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Simon Hanslmayr – Neural Oscillations in Human Memory and Attention

 

ABOUT

Dr Simon Hanslmayr is an expert in the role of brain oscillations for human cognition. His research addresses the question of how brain oscillations mediate long-term memory and attention in the human brain. In order to address these very complex question we use an array of electrophysiological and imaging methods, such as EEG/MEG, fMRI, combined EEG-fMRI, and intracranial EEG. To study the causal role of oscillations for cognition we recently began to externally drive specific oscillations via rhythmic transcranial magnetic stimulation (rTMS) and transcranial alternating current stimulation (tACS).

Simon Hanslmayr studied Psychology at the University of Salzburg and finished his PhD in 2005 on the role of alpha oscillations for attention and perception under the supervision of Professor Wolfgang Klimesch. From 2006 until 2010 he did a Postdoc in the lab of Karl-Heinz Bäuml at the University of Regensburg where he focused on the role of brain oscillations for episodic memory. In 2010 he started his own independent research group at the University of Konstanz, funded by an Emmy-Noether award from the German Research Foundation (DFG), where he continued his research on the role of brain oscillations for episodic memory formation. Since September 2013 Dr Simon Hanslmayr joined the School as a Senior Lecturer and was recently awarded a Consolidator Grant from the ERC.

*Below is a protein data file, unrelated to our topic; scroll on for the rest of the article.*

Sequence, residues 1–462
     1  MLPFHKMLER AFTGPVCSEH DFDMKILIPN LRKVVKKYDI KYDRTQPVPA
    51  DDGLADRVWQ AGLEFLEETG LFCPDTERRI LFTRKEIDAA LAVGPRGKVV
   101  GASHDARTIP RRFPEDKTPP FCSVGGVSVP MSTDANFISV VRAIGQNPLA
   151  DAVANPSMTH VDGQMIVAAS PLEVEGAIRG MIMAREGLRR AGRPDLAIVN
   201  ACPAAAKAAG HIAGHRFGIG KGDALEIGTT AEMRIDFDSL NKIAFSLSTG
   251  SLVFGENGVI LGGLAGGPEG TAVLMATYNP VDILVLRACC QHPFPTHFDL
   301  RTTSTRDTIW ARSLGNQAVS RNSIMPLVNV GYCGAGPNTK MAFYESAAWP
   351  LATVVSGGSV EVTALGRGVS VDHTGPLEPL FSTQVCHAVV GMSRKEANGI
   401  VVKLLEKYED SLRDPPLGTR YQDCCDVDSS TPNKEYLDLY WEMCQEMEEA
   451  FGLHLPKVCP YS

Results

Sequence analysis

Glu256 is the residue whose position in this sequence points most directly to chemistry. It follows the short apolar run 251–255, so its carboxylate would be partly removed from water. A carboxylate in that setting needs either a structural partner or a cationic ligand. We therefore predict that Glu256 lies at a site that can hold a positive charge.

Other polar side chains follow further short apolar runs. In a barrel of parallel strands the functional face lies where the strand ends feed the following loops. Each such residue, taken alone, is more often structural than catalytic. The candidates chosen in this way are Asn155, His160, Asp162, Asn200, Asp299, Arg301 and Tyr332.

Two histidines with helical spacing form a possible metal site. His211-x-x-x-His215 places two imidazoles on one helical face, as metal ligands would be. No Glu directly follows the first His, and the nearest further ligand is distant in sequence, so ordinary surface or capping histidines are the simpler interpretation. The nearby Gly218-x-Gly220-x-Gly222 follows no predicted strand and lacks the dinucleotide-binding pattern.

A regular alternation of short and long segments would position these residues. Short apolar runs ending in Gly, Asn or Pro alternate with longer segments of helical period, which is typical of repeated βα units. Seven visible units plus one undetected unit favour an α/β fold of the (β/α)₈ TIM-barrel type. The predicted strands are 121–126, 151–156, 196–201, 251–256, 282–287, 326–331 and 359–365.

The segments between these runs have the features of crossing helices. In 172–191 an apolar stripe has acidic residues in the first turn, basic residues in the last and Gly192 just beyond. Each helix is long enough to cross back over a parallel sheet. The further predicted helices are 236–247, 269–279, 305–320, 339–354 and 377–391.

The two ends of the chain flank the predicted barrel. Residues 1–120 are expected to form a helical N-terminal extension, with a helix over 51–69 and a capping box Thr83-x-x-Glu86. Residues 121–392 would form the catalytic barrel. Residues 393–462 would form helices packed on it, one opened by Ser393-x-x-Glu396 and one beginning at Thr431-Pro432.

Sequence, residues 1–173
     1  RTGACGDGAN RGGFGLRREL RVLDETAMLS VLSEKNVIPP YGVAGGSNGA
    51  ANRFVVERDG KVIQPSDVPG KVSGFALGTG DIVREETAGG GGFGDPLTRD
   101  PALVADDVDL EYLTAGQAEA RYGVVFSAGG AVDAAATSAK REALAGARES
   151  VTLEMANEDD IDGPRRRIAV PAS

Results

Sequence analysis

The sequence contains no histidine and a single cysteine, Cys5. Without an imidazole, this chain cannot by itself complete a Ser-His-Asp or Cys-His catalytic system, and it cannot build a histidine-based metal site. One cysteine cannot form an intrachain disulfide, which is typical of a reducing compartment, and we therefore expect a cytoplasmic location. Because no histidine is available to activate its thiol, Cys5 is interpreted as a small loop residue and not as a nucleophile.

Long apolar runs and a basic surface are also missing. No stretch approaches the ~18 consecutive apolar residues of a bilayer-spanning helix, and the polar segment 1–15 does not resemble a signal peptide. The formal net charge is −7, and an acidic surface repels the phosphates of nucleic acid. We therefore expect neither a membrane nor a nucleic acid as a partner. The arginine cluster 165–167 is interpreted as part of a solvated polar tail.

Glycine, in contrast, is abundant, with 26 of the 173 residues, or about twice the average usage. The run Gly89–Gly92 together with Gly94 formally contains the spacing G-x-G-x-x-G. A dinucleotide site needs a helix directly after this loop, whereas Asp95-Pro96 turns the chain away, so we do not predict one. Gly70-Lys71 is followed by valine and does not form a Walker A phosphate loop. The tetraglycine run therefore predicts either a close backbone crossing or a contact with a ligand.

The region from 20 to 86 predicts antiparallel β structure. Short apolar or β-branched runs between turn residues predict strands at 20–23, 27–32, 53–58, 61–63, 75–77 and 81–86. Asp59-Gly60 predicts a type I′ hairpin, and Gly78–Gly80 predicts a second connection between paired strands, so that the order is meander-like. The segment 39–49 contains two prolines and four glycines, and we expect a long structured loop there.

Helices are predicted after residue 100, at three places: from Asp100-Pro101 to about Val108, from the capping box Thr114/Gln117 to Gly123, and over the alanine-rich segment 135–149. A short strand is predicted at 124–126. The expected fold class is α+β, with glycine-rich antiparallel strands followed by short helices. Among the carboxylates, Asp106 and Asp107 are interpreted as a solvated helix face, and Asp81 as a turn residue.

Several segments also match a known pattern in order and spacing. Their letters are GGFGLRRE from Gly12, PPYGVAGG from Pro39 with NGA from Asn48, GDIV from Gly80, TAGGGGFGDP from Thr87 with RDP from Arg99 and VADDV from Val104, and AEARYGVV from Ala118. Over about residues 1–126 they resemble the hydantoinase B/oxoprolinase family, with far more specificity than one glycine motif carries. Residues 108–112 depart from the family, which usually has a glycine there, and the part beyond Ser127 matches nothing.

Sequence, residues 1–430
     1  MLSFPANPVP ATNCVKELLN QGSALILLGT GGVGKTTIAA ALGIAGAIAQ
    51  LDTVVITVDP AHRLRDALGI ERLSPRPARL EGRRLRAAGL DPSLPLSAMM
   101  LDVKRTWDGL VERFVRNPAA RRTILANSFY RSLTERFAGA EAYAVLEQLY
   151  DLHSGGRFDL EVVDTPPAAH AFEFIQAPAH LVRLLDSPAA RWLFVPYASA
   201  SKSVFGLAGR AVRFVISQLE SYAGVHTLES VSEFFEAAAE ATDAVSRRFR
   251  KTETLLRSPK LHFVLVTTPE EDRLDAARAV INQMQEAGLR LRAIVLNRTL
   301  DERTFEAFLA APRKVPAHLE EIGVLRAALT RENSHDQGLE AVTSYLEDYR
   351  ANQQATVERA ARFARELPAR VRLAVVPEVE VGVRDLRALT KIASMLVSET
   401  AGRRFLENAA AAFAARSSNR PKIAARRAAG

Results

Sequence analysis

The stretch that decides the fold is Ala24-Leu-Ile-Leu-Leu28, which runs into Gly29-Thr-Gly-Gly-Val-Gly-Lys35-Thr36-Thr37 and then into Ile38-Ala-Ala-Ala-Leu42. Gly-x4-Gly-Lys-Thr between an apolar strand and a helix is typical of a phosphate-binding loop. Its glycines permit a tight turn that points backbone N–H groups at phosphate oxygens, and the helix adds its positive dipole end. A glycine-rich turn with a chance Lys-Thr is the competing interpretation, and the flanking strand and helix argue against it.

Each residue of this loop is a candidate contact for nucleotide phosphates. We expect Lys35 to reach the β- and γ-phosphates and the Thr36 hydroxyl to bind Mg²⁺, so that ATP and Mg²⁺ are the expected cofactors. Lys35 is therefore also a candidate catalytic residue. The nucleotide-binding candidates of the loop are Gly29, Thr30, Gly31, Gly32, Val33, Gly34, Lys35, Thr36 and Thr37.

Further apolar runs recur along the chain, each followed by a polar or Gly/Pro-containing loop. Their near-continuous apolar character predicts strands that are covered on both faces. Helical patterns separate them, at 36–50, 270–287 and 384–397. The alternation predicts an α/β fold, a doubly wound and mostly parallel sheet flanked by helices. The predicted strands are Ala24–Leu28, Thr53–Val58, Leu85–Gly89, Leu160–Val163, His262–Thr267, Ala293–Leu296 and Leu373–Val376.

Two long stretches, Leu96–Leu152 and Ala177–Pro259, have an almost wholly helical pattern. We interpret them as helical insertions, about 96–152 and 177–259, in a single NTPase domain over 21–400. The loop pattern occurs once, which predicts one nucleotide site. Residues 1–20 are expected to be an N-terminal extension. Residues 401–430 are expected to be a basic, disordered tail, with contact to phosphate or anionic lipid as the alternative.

Cognition and Oscillations LAB

Find out more about current lab members here.

ERC Project BLog

Code4Memory

 

KEY PUBLICATIONS

Michelmann, S., Bowman, H., Hanslmayr, S. (2016) The Temporal Signature of Memories: Identification of a General Mechanism for Dynamic Memory Replay in Humans. PLoS Biol, 14(8):e1002528. doi.org/10.1371/journal.pbio.1002528

Waldhauser, G., Braun, V., Hanslmayr, S., (2016). Episodic memory retrieval functionally relies on very rapid reactivation of sensory information. The Journal of Neuroscience 36, 251-60. doi: 10.1523/JNEUROSCI.2101-15.2016

Hanslmayr, S., Staresina, B.P., Bowman, H. (2016). Oscillations and episodic memory - Addressing the synchronization/desynchronization conundrum. Trends in Neurosciences. 39, 16-25. DOI:  http://dx.doi.org/10.1016/j.tins.2015.11.004

Staudigl, T., Vollmar, Ch., Noachtar, S., Hanslmayr, S. (2015) Temporal pattern analysis reveals the neural reinstatement of human episodic memory trajectories. The Journal of Neuroscience, 35, 5373–5384.

Hanslmayr, S., Matuschek, J., Fellner, M.C. (2014) Entrainment of prefrontal beta oscillations induces an endogenous echo and impairs memory formation. Current Biology, 24, 904–909.

Hanslmayr, S., Volberg, G., Wimber, M., Dalal, S.S., Greenlee, M.W. (2013) Prestimulus oscillatory phase at 7 Hz gates cortical information flow and perception. Current Biology, 23, 2273-2278.

Staudigl, T., Hanslmayr, S. (2013) Theta oscillations at encoding mediate the context-dependent nature of human episodic memory. Current Biology, 23, 1101-1106.

Hanslmayr, S., Staudigl, T., Fellner, M.-C. (2012) Oscillatory power decreases and long-term memory: The information via desynchronization hypothesis. Frontiers in Human Neuroscience, 6:74.

Waldhauser, G., Johansson, M., Hanslmayr, S. (2012) Brain oscillations indicate inhibition of interfering visual memories. The Journal of Neuroscience, 32, 1953-1961.

Hanslmayr, S., Volberg, G., Wimber, M., Raabe, M., Greenlee, M.W., Bäuml, K.-H.T. (2011) The relationship between brain oscillations and BOLD signal during memory formation: a combined EEG-fMRI study. The Journal of Neuroscience, 31, 15674-15680.

FOr Preprints of currently submitted papers on BioRxiv.org Click here

 

CONTACT

Dr. Simon Hanslmayr

Reader in Cognitive Neuroscience

School of Psychology

University of Birmingham

Edgbaston
Birmingham
B15 2TT
UK

Tel +44 121 4146203

email: s.hanslmayr<at>bham.ac.uk